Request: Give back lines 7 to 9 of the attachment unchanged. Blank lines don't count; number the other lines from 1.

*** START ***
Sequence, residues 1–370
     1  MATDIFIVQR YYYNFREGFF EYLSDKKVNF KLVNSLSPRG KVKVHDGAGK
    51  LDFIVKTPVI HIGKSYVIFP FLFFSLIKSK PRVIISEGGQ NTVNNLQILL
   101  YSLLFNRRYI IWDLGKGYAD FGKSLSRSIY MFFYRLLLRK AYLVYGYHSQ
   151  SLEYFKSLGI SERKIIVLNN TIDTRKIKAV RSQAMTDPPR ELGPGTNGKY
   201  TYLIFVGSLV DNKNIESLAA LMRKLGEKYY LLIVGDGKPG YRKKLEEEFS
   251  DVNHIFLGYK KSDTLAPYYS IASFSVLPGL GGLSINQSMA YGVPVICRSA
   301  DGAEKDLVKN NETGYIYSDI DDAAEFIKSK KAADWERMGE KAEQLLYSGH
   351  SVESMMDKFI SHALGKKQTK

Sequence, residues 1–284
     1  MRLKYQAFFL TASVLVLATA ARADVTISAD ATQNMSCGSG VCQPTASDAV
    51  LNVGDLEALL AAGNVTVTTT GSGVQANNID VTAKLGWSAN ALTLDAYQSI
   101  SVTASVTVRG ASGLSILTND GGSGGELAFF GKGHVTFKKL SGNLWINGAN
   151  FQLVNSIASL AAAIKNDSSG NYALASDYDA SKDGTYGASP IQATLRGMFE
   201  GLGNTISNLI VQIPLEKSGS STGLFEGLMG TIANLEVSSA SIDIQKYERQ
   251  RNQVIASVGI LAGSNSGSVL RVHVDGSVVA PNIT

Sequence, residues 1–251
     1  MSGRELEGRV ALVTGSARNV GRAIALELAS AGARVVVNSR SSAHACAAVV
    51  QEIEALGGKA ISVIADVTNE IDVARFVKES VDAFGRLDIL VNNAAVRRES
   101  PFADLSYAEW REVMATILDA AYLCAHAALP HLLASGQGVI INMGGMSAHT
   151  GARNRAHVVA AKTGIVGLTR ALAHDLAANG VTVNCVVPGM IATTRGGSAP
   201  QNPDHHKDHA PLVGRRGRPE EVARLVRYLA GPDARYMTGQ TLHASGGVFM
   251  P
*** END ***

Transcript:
   251  DVNHIFLGYK KSDTLAPYYS IASFSVLPGL GGLSINQSMA YGVPVICRSA
   301  DGAEKDLVKN NETGYIYSDI DDAAEFIKSK KAADWERMGE KAEQLLYSGH
   351  SVESMMDKFI SHALGKKQTK